On the other hand, planet or brown dwarf candidates of minimum masses in the most sparsely populated region of the mass distribution are unlikely to truly have that mass. They are quite likely in orbits with low inclinations and with much higher true masses. The transit probability for companion candidates with minimum masses in this mass regime are actually reduced from the standard transit probability function.

Geometric and a posteriori transit probabilities

In the table above, taken from this preprint, we see that the geometric transit probability, Ptr,0, can be much less than the a posteriori transit probability, Ptr. The transit probability for 55 Cnc e, for example, jumps up from 28% to 36%. With these higher a posteriori transit probabilities, these short-period low-mass planets should be followed-up for transits. If transits are found, it would be of significant benefit to the extrasolar planet field.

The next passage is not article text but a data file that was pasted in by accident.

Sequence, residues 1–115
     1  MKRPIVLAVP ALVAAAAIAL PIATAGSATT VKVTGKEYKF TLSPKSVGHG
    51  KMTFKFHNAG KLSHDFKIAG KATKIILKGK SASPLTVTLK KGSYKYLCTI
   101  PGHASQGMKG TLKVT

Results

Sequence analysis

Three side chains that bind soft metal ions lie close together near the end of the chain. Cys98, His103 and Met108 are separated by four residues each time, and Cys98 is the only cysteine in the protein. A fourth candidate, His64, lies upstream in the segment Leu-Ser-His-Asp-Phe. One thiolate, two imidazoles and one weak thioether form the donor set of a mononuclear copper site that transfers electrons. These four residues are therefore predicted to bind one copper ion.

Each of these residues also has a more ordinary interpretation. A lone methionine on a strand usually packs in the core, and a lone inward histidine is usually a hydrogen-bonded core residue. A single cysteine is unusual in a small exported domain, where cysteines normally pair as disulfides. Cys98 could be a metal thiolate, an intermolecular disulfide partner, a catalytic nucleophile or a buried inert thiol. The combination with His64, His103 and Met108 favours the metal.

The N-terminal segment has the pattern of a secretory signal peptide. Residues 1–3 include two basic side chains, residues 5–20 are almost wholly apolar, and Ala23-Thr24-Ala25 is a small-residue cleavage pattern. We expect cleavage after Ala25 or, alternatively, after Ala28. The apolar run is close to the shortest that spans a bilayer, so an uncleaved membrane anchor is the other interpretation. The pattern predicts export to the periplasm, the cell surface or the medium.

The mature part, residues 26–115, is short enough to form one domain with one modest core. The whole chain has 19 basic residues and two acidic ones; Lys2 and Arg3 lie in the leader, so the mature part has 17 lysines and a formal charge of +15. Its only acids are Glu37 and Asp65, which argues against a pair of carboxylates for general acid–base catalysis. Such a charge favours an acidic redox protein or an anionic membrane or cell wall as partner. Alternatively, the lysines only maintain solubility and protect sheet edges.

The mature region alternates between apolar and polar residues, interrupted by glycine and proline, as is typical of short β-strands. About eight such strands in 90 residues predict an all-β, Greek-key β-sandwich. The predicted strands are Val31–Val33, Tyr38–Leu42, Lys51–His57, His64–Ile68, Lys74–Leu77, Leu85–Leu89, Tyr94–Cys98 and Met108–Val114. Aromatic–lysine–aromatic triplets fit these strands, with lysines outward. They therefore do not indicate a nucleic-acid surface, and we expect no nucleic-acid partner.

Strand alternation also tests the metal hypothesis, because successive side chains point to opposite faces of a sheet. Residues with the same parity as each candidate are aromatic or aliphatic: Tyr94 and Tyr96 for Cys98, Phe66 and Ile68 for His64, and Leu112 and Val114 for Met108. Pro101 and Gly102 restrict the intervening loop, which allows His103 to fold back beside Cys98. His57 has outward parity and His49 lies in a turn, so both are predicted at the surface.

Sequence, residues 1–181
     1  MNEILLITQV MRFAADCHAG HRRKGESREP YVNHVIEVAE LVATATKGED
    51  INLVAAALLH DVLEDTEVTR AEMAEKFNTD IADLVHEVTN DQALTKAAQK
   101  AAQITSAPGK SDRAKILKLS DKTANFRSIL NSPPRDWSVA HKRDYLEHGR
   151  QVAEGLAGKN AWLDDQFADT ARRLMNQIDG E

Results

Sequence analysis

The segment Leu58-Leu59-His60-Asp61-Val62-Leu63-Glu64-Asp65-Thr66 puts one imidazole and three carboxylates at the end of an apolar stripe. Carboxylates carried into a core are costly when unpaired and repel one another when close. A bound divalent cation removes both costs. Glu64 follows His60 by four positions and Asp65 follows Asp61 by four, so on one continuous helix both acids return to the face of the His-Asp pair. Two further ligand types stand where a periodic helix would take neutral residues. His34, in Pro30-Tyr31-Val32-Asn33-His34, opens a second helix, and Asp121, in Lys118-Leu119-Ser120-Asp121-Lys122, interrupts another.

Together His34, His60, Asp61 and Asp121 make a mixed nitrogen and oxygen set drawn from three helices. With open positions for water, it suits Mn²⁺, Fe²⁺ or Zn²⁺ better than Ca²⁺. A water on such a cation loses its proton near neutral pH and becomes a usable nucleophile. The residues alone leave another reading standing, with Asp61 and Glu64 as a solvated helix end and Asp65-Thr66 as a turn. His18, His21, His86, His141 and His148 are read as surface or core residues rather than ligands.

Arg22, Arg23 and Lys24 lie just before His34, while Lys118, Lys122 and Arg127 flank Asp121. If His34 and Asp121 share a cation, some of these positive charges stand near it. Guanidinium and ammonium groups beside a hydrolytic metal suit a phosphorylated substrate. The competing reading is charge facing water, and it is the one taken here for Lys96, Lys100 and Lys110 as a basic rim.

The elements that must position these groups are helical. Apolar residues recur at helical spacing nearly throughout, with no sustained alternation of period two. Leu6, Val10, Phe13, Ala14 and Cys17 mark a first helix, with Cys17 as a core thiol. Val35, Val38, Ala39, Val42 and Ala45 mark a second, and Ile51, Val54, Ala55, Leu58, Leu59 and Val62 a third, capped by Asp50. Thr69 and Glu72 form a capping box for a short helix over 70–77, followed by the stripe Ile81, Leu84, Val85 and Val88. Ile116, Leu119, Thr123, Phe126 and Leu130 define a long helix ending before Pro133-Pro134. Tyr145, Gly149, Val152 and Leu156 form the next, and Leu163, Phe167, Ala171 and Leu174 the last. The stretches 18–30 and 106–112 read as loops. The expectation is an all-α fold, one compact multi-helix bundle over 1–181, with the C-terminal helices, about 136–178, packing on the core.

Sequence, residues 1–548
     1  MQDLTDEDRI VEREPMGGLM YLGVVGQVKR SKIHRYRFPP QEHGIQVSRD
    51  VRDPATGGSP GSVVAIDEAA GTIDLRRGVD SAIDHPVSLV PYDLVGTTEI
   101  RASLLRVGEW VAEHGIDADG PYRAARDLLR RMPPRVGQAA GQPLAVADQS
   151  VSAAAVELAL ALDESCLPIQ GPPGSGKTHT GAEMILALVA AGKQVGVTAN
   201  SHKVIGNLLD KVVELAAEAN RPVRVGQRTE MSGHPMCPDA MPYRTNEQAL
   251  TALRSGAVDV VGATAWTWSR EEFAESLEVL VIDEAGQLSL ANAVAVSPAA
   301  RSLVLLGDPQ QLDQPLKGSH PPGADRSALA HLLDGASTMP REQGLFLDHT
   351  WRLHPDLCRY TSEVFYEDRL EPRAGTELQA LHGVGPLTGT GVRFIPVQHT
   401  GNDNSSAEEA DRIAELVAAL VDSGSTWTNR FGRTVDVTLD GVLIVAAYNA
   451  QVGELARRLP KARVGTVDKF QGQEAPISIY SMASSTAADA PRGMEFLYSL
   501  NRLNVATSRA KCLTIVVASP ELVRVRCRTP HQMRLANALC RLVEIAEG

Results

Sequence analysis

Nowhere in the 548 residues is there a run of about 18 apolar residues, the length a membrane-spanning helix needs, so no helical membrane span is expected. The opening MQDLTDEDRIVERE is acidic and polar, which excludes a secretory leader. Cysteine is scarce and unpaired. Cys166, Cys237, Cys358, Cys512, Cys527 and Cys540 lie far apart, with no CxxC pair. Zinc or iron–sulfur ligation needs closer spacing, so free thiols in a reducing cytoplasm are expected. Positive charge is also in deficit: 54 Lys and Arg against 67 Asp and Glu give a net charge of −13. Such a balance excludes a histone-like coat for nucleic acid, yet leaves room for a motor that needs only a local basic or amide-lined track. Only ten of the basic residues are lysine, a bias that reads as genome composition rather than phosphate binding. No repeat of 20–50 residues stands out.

In summary, there are various additional effects that can cause the a posteriori transit probability to be significantly different from the geometric transit probability. Planets with only minimum masses known can be more accurately assigned a transit probability when taking into account the uneven planetary mass distribution. Low-mass planets and super-Jupiters are more likely to transit than their geometric transit probability because a significant range of the inclination space is consumed by planets of masses that are simply rare. These planet candidates are more promising targets for transit follow-up than, for example, Jupiter-mass planets or intermediate-mass brown dwarfs.

## Modelling the Transit Light Curve

The Sun (Credit: NASA)